More details on the NORM algorithm can be found in my Ph.D. Thesis and this journal paper. Regarding the subjective study, the details are in this paper. Finally I have also collaborate in the design of a subjective database which collects subjective scores for videos transmitted through error prone IP networks. Check it out at http://vqa.como.polimi.it/.

Perceptual video coding (top)

The Human Visual System (HVS) shows a space and time varying sensitivity to the distortion introduced by quantisation in lossy coding. This varying distortion sensitivity is related to some visual masking phenomena of the HVS as exemplified in the following image which has been coded with the JPEG standard and a uniform quantisation step:


As you may notice, although the quantisation step was uniform over the whole image, there are image areas whereby the coding artifacts (blockiness) are more noticeable (e.g. actor's face). Perceptual video coding relies on this space varying distortion sensitivity to design and develop video coding algorithms which improve the compression efficiency by performing coarser quantisation in image areas where the HVS is less sensitive and finer quantisation otherwise. In this setup, I have studied the integration of some state-of-the-art Just Noticeable Distortion (JND) models in the H.264/AVC video coding standard in order to develop a novel perceptual video codec architecture denoted as Instituto Superior Técnico - Perceptual Video Codec (IST-PVC). You can download some IST-PVC video demos here. The whole codec description is available in this journal paper. The designed JND model integration has been also extended to the codec considered when the HEVC standardisation started (TMuC codec) and the results can be found in this paper presented at ICASSP in 2011. Since I joined BBC R&D I started working towards a simplified version of the considered JND model integration in the HEVC standard which has then been presented for consideration at the JCT-VC. Together with Prof. David Bull's research group at University of Bristol, I collaborated in some studies on the design of luminance masking models and perceptual quantisation for compression of High Dynamic Range (HDR) video content. The main results can be found in one paper presented at ICIP and another at PCS in 2013.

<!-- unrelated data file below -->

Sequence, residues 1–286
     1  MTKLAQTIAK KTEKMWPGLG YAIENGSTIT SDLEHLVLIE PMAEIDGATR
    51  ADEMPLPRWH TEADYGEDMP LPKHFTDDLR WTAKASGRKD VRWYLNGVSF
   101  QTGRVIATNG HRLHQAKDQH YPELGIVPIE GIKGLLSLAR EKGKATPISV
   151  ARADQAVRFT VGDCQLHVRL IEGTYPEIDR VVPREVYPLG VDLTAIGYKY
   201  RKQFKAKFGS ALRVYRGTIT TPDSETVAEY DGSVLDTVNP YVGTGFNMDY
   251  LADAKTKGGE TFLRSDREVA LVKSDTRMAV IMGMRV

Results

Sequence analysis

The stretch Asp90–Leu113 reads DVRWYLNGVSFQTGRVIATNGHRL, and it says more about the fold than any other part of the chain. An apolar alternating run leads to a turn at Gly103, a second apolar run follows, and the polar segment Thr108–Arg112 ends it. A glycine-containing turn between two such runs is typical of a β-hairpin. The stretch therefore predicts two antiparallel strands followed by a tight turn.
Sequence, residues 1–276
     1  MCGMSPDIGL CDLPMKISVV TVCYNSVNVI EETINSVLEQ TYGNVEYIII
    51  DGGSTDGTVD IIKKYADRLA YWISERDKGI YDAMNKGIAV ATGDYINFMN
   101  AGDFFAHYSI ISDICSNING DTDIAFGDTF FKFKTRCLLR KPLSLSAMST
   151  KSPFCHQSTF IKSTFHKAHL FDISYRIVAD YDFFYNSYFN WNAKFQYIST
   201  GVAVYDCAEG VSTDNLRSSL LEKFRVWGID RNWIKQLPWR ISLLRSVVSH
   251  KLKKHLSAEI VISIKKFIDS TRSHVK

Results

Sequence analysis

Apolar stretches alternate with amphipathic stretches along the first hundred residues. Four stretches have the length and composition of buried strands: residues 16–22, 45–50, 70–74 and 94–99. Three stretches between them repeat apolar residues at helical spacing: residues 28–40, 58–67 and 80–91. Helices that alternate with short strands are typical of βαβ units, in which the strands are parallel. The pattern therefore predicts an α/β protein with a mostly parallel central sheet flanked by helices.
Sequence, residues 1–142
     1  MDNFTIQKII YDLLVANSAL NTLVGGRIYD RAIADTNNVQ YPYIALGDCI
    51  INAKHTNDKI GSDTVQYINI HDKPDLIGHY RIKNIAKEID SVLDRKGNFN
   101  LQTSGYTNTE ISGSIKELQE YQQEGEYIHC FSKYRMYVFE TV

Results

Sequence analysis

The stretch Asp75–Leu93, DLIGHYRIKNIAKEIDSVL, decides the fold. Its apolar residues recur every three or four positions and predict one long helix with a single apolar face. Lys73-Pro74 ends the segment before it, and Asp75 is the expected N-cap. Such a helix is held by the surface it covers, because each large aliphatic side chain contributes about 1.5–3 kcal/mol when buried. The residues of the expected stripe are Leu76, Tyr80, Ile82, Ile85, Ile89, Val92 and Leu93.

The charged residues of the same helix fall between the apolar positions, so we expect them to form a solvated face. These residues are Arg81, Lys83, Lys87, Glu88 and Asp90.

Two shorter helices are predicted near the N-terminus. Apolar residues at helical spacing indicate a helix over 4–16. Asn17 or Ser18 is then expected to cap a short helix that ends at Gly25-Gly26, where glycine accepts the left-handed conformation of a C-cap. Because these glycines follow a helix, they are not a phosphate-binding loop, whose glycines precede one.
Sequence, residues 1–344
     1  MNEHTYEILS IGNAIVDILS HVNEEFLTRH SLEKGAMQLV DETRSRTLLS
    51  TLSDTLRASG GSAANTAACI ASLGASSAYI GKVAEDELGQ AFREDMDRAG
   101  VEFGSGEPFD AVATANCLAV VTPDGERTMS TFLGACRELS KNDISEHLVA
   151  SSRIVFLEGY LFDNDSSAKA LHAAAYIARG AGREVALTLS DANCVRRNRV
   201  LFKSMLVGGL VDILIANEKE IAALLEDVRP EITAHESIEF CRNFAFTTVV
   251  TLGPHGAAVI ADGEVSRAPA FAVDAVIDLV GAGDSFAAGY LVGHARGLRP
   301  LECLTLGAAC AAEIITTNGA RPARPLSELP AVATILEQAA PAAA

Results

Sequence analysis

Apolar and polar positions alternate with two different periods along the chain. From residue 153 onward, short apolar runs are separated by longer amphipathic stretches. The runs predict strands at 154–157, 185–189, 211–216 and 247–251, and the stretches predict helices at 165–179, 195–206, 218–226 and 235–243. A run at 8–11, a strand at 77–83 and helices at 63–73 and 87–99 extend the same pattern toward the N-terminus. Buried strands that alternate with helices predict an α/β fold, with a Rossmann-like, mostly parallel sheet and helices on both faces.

Standardisation of video compression technology (top)

Video coding standards play a fundamental role in video compression technology by specifying the bitstream's syntax and semantics to enable interoperability among different parties involved in the video content production and delivery chain (e.g. codec manufactures, broadcasters, etc.). Any video coding standard specifies the bitstream syntax and semantics from the decoder perspective as illustrated in the following figure:



Since I joined BBC R&D in 2011 I had the opportunity to closely follow the standardisation of HEVC and its related extensions, i.e. scalable, range, etc. In this area I mainly study and develop coding tools useful to a broadcaster as the BBC. More precisely, I developed and proposed a perceptual quantisation coding based on the luminance masking phenomenon of the human visual system (see this ICME paper for more details). I've also collaborated to the development of the transform skip mode (see this paper for further details) and after the finalisation of HEVC Version 1 in January 2013, my research focus moved towards the Range Extension (RExt). In this area I proposed an extension of the residual DPCM tool for inter coded blocks (see this PCS paper) and I designed a Supplementary Enhanced Information (SEI) message to carry some useful information associated to alpha channels for studio and post-production video coding applications.
 
 Coding algorithms optimisation for UHD content storage and delivery (top)

HEVC shows excellent performance when coding High Definition (HD) and Ultra High Definition (UHD) content thanks to its novel coding tools. This compression efficiency improvement comes at the cost of an increased computational complexity.



In practical video coding applications which deal with UHD content, it is crucial researching on optimisation techniques which speed up the coding processing without sacrificing compression performance. In this area I've worked on a project co-funded by the Technology Strategy Board (TSB) to devise such algorithms for UHD content storage and transmission (web page). The main output of a project is a software HEVC encoder which is released as open source and denoted as the Turing codec. For this codec I'm one of the main developers working on the extension and maintenance.